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      • Do you need your own private Certificate Authority?

        Mar 29 2018, 10:28 PM

        by Elliot Samuels 3

        Do you have any intranet sites with a domain name like https://intranet.local? Or a mail server with an address like https://mail? These kind of internal-only domain names are very common but they pose a real problem.

        SSL certificates on an intranet

        Symantec and other Certification Authorities (CAs) and browser vendors, that make up the CA/Browser Forum have decided to stop issuing SSL certificates chained to a public root which cannot be resolved in the context of the public internet.

        This means that domain names need to be globally unique and not just unique on your network. So if you have a .local domain that you use internally, you will soon no longer be able to purchase a validated SSL certificate for this name.

        With the emergence of new gTLDs, such as .london, and the likelihood that many of the very common names used to identify server domains internally will be purchased and used by commercial organisations (names such as .red and .home have already been applied for and more will surely follow and unless you specifically own these gTLDs you will no longer be able to purchase a validated SSL certificate for them).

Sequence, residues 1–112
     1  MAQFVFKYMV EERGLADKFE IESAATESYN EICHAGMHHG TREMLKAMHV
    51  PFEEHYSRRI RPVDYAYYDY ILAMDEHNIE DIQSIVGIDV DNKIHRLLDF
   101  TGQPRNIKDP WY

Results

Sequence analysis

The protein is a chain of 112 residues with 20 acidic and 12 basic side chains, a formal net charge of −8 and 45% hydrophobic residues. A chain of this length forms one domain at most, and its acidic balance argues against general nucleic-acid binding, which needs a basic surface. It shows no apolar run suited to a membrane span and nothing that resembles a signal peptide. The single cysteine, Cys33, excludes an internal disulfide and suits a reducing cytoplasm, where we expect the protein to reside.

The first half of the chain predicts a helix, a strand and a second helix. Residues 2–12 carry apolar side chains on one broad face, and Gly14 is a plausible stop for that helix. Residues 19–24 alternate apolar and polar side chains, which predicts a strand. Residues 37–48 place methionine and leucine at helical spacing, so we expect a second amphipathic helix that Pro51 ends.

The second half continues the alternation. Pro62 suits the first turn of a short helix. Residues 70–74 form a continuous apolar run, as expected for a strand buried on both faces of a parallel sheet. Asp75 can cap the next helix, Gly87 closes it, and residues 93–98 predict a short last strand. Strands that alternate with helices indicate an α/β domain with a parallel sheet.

Although this will improve security it creates challenges for organisations with servers that use these internal-only domain names or reserved IP addresses.

        Getting ready for the change

        Alternatives include switching to fully-qualified domain names, using self-signed certificates or setting up a private certification authority (CA) to authenticate internal domain names.

        For many companies, this last option – a private CA – is a smart way to get ready for the changeover as it requires the least change to existing systems and the lowest level of risk.

        The Symantec option

        Symantec recently announced its Private Certification Authority solution. It lets you avoid the risks and hidden costs of self-signed certificates and the switching costs of deploying fully-qualified internet domain names across your entire intranet.

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        Using Symantec’s bulletproof infrastructure, it covers requirements ranging from single-domain intranet SSL certificates, wildcard certificates up to self-signed CAs. It provides a hosted private SSL certificate hierarchy with end-entity certificates specifically built to secure your internal communications.

        Using the Managed PKI for SSL console assists in simplifying SSL management by letting you manage public and private certificates in one control center.  This helps you avoid the risk of unexpected expiries and issue new certificates as required. So if you have internal servers that use deprecated domain names then you need to consider a solution sooner rather than later.